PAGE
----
We are in receipt of a mighty interesting letter from Mr. E. B. Clarke, an old Marietta boy, now living at Athens, and in which he says, after some very complimentary words about Marietta, the town, the people and the Observer:
"The paper interests me very much and I thought I might contribute to the cause by sending you some 'scraps of paper' giving some early recollections.
"It might be asked by what authority I announce myself as a historian. I think my credentials will admit me. My grandfather arrived at Marietta soon after those who landed on that memorable seventh of April. I was a school boy at Marietta and played football in Butler Street while a student at the Western Liberal Institute. Afterwards was for several years employed in the offices at the Court House and in the Post Office. Did I become acquainted with any of the Marietta people? Yes, I knew them all, but now I fear I would be a stranger but not in a strange land. J. W. Nye was about the last survivor of those I knew so long ago.
"They were good people, I have never found better."
Marietta Bucket Factory, John Newton, manager, at ferry landing, Harmar. There was another bucket factory at the north boundary of Harmar, buildings afterwards used as a pow factory. There was a flour mill adjacent. Marietta Woolen Factory, operated a few years, now Nye's stove foundry. Henry Wesselman did the painting at the Chair Factory. There was a barrel factory near the foot of Washington Street. A wooden pump factory was operated near the Exchange Hotel. M. J. Morse's tannery East side Second Street, near Butler. Two large dogs pumped the water by treading a wheel.
J. O. Cram's flour mill, just above the railroad bridge, was burned. A man named McBride owned the mill on the West side of the river. McBride was arrested as the incendiary. He shot Davis Greene, the attorney who defended him, and when about to be arrested for attempted murder, committed suicide by shooting.
Owen Frank's machine shop on Second Street built machinery for steamboats, mills, etc., and manufactured cotton plows which were shipped by the boat load to Mississippi and Louisiana.
Steamboats were built at the shipyard in Harmar.
John Hall had a cracker bakery on Ohio Street.
A. & S. Fuller manufactured furniture by hand, no power machines.
J. Naylor had a boot making shop on Gilman Street for many years.
A. Weber's tailoring establishment was on the island between the bridges on Front Street.
W. B. Hollister had a marble shop on Gilman Street. Peter McLaren's shop was on Front Street.
First gas works built about 1855. Previous to that time we carried lanterns when on the street at night.
Mansion House by Mrs. F. Lewis, near junction of rivers. Marietta House by C. W. Moseley, Third and Ohio streets. Biszantz House by C. F. Biszantz, Butler Street, west of Front. National Hotel by N. Fawcett, Greene and Second streets. Brophy House, Ohio and Third streets. Exchange Hotel (afterward Putnam House), Gilman Street, near river. Harmar House, diagonally across street from Putnam's store.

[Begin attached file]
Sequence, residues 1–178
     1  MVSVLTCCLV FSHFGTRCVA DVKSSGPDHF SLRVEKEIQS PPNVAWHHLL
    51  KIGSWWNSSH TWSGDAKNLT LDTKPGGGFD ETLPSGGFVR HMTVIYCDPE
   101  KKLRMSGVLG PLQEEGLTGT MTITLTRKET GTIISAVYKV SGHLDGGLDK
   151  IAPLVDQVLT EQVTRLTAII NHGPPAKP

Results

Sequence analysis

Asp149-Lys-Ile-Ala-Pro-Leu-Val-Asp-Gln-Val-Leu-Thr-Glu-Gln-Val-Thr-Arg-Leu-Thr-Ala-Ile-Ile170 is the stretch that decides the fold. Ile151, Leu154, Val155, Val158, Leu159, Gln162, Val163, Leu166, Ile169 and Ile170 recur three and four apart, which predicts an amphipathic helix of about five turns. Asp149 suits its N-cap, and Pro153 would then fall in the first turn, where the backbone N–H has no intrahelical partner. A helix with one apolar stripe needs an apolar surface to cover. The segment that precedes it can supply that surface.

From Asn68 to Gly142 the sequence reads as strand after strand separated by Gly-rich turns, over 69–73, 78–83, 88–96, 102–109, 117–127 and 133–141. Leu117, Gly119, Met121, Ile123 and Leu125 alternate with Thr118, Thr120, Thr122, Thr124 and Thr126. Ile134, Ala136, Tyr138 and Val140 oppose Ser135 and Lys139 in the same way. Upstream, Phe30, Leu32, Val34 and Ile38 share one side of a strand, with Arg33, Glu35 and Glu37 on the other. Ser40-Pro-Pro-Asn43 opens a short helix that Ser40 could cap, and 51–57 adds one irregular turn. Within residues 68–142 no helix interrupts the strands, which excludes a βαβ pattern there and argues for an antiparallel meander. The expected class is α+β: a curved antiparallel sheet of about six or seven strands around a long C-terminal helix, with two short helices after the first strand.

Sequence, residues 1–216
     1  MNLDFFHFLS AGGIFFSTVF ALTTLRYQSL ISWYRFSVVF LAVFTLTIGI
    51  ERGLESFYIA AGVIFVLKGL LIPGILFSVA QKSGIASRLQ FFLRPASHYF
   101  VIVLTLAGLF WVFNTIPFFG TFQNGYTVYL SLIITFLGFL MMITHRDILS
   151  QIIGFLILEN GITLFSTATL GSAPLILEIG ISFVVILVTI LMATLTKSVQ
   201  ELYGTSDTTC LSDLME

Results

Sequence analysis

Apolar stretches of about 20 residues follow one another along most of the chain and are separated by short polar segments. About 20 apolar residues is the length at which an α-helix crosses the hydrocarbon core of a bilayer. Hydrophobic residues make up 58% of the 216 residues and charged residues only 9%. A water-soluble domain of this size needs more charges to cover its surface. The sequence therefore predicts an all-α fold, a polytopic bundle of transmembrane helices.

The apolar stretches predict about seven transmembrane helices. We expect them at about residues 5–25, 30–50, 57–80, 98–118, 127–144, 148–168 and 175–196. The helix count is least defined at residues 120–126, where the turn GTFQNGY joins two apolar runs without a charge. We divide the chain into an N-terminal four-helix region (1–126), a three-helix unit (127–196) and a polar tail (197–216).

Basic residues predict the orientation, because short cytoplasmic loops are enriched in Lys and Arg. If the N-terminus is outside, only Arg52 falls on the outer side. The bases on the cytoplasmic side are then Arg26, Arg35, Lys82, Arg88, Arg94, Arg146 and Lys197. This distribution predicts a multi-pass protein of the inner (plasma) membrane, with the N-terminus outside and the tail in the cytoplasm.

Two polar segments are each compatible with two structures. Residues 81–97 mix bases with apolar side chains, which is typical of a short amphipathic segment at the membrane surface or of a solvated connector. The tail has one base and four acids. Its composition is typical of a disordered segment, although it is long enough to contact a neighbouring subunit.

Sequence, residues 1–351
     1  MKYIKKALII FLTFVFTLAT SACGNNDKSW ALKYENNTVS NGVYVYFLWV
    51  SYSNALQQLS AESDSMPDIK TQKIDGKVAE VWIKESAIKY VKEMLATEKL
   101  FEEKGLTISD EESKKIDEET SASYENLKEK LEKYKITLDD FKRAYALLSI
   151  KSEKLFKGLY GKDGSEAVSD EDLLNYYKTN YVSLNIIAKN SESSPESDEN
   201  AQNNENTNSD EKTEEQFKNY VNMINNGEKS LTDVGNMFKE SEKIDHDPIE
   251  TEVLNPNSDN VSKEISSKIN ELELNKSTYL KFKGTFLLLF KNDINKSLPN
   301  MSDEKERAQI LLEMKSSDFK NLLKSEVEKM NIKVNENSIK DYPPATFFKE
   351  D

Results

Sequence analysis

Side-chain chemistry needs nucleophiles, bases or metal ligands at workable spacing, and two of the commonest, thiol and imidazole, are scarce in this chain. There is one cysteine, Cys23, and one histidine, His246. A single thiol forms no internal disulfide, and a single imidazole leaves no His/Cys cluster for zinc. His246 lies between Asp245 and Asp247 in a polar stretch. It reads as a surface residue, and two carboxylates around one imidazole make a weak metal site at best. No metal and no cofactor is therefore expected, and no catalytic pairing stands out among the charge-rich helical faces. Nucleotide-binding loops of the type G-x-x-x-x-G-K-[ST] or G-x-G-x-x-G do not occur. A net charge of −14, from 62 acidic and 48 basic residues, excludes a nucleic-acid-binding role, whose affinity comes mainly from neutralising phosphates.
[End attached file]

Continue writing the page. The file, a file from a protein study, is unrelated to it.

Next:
Marietta Branch, State Bank of Ohio, I. R. Waters, cashier. Benedict Hall & Co., private bank. D. G. Mathews, member of firm.
Some Marietta Merchants
A. A. Darrow & Bros., C. & S. Shipman & Co., George M. Woodbridge, John M. Woodbridge, John Brophy, George Benedict, William F. Curtis, Gates & Payne, David Putnam, L. & D. Barber, A. Stone, James Holden, D. Holden, Bosworth Wells & Co., John Marshall, C. F. Biszantz, Gerd Wendelken, W. B. Thomas, Wilson & Waters, A. B. Waters, r. P. Iams, J. Ebinger, John Mills, Mills Iams & Dana, were dry goods and some general merchandise.
J. B. Hovey, A. L. Guitteau, Bosworth Wells & Co., retail grocers.
Hovey, Iams, Battelle & Co., wholesale grocers.
J. C. Paxton, S. H. Paxton, cigar store and factory.
Gurley & Cross, C. E. Glines, George Jenvey, Edwin Fuller, books.
W. L Ralston, S. Slocomb, boots and shoes.
E. B. Perkins, Cotton & Buell, Buell Brothers, drugs.
J. W. Baldwin, David Anderson, M. T. Peddinghaus, watches and jewelers.
Bosworth Wells & Co. (two stores, one groceries), A. T. Nye, Rodick Brothers hardware.
Hugh Brennan liquor store, Greene Street, only drink shop in town.
L. Soyez "ice cream saloon" on Ohio Street. General Lafayette visited Mr. Soyez.
Reckard & Fawcett operated a livery barn on Third Street near Greene and owned the only omnibus.
A. W. Sprague owned a low water steamboat of which he was captain. It made trips up the Ohio.
F. Regnier, J. D. Cotton, H. Trevor, Seth Hart, ____ Sawyer, S. P. Hildreth, George Hildreth.
E. H. Allen, J. A. Tenney.
Marietta Intelligencer by Beman Gates was the Whig newspaper. T. L. Andrews became owner and editor, and he sold it to R. M. Stimson who changed the name to Register. A. W. McCormick was editor and owner of the Republican, the Democratic organ. McCormick sold the paper to William Scott and became a captain in the Civil War. The Republican soon ceased to exist. William Lorey published the Marietta Demokrat, a German paper. It had a short existence. E. Winchester of the Home News, published that paper for a few years. Tradition says the Marietta Gazette was the first newspaper and that Caleb Emerson was editor.
A. L. Guitteau - Fillmore's administration and before.
Nathaniel Bishop - Pierce's administration.
A. W. McCormick - Buchanan's administration.
Sala Bosworth - Lincoln's administration.
All draying and probably delivery of coal was done by two ox teams in dump carts owned by "Sink" Munsey and M. Torpy. James Goldsmith operated the first two-wheeled dray.
The first Agriculture fair was held in the Court room of the old Court House. The live stock, consisting of eight or ten cattle and a few sheep, were on exhibition on the square north of Scammel Street and east of Third. No houses on that square at that time.